I’d put good money on The Movement being the most diverse superhero team, certainly from the Big Two (DC and Marvel), in mainstream comics. Featuring women of colour prominently, the characters come in a variety of shapes and ethnicities and orientations, the series takes specific aim at the notion that comic books are wish-fulfillment and escapism for a specific, narrowly-defined audience. Vengeance Moth is rare superhero figure who is a wheelchair user and whose power set does not simply allow her to circumvent it, and is powerful, valuable and possessed of her own self-agency. Virtue, a black teenager, exists as an antithesis to that habitual straight, white male leader figure that pervades comics, and yet her authority is not casually and constantly under question. When it is challenged (usually by the team’s bruiser, Katharsis) her suitability or otherwise is in no sense linked to her gender or age. Mouse, one of the two male characters, presents me with a welcome, much needed figure; a male who is utterly different to the constant stream Superman archetypes; the well-built, charming, tanks of masculinity. Mouse is messy, nervous, bumbling, weird, emotional, and still manages to be heroic. To be reminded, every so often, that you don’t have to be something you are not, and never particularly wanted to be, is both welcome and refreshing. There isn’t even a middle-aged white mentor figure from whom they will inherent their mission upon his tragic, sort-of-their-fault death at the hands of an old enemy. They build their own undertaking and are fully responsible for their own destinies. Riffing off the Occupy movement, the book blends a deeply cynical view of the current political and social structures with a hugely optimistic dream of a potential future.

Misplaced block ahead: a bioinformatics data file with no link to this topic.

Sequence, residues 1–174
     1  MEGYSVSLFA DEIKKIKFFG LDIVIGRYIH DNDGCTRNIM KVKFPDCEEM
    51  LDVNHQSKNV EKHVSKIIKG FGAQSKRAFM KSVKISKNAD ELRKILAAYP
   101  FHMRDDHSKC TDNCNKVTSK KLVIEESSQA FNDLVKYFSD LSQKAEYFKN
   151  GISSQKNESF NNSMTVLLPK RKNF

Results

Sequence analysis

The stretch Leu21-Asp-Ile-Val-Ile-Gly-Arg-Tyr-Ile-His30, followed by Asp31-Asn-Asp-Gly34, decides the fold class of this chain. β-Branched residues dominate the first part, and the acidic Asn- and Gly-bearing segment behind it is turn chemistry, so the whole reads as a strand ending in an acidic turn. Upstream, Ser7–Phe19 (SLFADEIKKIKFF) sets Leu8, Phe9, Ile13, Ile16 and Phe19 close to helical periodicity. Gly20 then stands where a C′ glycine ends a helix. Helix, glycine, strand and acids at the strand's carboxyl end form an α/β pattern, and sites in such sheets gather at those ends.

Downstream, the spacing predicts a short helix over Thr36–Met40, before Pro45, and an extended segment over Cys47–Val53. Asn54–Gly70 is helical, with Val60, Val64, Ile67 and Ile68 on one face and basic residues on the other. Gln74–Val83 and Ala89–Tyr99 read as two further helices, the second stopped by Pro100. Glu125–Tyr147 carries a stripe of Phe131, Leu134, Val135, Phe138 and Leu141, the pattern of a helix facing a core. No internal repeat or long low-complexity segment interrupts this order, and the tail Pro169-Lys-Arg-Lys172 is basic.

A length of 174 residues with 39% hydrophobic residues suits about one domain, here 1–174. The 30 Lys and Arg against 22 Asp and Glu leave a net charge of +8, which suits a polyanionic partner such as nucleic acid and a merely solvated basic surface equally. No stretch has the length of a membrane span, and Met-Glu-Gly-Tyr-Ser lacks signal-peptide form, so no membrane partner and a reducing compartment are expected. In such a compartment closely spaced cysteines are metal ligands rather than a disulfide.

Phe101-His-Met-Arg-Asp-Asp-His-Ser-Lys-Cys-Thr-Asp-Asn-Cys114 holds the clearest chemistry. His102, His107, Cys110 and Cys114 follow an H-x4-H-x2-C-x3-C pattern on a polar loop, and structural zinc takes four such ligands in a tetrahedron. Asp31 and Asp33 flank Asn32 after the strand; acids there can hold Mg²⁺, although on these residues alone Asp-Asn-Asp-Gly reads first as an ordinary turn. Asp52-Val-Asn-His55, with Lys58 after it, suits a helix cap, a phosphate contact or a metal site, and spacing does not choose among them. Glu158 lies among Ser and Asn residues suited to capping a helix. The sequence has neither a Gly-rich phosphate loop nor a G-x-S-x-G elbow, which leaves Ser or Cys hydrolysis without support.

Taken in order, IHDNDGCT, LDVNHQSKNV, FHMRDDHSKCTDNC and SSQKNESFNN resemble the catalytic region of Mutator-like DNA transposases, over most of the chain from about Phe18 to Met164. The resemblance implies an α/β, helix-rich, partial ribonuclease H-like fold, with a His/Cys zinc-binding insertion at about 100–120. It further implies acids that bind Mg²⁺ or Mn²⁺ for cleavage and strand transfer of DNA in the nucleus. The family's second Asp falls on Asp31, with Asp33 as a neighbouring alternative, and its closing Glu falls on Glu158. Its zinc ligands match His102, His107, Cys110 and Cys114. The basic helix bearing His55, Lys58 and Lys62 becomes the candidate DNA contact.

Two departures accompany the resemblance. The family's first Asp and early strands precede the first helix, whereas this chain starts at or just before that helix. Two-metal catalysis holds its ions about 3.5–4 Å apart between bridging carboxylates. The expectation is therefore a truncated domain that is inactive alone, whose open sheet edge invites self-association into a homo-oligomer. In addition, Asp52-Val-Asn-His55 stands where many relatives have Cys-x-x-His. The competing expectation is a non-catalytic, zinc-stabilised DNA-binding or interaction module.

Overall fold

Pretty Deadly (late teen and up)